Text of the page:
Consistency: Better Than a Crystal Ball
By Alexia Henson
If you're like most dealers, you may feel that you don't want to inundate your customers with mail. However, the issue is that your competitors are most likely sending mail to the same customers that you're trying so hard not to overwhelm.
It’s difficult to decide whether to mail regularly or spontaneously. You may be asking yourself: is there an equation to calculate how often I should actually mail my customers?
Unfortunately, the answer is NO. This is why engaging your customers on a regular basis is so important. You never know when they’re going to need or want your service. You can't predict when a customer's vehicle is going to break down or when someone gets a promotion and they can finally afford the convertible of their dreams.
The right time is different for everyone. Here's a perfect example of a business being consistent until the time was right for me. I'm sure you’re familiar with the cleaning and upholstery coupons that seem to fill your mailbox on a regular basis. Even though I owned a white couch, I can't tell you how many times I ignored their offers. My couch seemed perfectly clean! But one day, I walked into my family room and noticed that my crisp white couch wasn't looking so clean anymore. So what did I do?
I saved the next coupon I received. And not only did I have my couch cleaned, but I spent an additional $200 for that special cleaning fluid that was "guaranteed" to do a better job.
The moral of this story is that when I was ready, I paid attention. And the company that was most consistent in sending offers is the one that earned my business. I am not saying that you should mail the same customer every week or every month. What I am saying is that you should be more concerned about missing their business rather than talking to them too much.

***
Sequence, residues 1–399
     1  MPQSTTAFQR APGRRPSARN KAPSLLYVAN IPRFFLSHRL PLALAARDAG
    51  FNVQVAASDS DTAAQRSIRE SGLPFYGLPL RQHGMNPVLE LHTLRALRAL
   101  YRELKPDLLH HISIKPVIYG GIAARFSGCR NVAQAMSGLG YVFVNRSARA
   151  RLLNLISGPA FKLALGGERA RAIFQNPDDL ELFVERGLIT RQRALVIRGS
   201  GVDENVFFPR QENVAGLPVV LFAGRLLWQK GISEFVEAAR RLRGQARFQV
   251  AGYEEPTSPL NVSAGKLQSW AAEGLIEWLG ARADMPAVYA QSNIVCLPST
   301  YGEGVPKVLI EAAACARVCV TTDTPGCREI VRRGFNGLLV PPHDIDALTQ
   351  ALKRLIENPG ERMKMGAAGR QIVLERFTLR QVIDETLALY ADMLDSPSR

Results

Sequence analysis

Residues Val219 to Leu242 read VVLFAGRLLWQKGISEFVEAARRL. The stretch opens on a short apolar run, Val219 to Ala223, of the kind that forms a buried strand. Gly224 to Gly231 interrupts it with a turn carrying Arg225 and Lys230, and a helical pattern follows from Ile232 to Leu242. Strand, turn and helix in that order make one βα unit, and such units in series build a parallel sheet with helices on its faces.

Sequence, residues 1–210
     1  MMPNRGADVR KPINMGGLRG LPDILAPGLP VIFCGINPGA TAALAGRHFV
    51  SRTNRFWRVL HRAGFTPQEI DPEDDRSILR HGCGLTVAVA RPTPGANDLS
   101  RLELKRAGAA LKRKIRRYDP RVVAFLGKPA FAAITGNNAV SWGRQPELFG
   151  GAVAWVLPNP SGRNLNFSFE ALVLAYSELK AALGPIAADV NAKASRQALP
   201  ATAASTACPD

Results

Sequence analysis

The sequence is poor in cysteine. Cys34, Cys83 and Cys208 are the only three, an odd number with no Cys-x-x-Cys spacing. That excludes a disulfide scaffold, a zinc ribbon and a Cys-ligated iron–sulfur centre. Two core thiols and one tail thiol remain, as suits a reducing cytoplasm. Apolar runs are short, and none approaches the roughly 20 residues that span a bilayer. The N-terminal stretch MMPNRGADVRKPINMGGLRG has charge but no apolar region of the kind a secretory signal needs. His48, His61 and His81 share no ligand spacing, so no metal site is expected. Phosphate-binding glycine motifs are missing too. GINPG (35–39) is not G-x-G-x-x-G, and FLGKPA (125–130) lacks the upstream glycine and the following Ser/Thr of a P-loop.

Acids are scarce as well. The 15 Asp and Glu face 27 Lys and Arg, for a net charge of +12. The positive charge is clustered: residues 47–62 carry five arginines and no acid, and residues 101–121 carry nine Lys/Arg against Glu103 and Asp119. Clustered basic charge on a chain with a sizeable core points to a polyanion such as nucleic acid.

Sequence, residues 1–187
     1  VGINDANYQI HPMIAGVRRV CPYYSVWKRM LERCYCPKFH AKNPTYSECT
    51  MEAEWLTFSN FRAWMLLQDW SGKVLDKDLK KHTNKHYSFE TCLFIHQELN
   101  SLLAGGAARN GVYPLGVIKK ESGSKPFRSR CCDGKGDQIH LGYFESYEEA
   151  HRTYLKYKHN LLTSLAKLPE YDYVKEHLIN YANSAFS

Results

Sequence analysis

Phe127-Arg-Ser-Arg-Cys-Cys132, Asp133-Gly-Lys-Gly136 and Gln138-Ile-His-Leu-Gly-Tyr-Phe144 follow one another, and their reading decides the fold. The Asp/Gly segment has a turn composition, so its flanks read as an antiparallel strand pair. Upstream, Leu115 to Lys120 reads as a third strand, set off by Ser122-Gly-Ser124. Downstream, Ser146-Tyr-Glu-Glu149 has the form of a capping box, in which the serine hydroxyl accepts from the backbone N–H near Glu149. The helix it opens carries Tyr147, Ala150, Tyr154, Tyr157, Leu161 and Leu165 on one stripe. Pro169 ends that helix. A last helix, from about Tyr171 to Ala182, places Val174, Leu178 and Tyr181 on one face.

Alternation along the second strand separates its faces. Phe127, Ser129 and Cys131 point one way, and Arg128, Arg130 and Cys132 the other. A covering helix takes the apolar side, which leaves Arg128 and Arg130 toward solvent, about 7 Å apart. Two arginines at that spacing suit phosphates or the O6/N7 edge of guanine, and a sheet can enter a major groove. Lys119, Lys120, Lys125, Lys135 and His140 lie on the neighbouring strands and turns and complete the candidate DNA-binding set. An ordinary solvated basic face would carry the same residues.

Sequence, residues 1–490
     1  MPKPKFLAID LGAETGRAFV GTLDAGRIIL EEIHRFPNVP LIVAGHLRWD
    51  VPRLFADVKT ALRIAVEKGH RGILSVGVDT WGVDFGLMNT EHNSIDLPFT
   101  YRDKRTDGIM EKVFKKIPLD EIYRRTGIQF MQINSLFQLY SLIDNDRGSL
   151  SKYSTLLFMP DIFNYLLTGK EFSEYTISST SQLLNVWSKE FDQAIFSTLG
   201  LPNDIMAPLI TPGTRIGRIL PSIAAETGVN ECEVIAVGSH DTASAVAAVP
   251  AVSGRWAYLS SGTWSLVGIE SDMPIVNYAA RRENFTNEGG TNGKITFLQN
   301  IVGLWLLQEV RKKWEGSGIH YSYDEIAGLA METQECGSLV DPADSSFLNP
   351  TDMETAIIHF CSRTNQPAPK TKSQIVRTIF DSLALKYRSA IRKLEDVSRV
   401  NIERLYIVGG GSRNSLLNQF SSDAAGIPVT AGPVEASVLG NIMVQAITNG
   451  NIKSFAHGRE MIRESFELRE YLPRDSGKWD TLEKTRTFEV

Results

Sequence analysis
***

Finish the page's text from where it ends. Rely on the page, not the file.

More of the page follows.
Bad relationships stem from under-communication, not over. I mean seriously, when is the last time you ever heard of a girl divorcing a guy because he talked too much?
Now that we've determined that there's no such thing as perfect timing, you might be questioning whether or not direct mail loses its effectiveness when used on a regular basis. So just how aggressive should you be?
I recommend segmenting out your customers into two categories: one for sales and one for service. Depending on the size of your dealership, you can break each of those categories into two or three mail drops. For sales, I suggest targeting those customers a minimum of every 60-90 days. For service, I suggest targeting them every 60 days. Remember: you can't control when the customer will need your service. But you can control that it's your offer that’s in their hands the moment they do.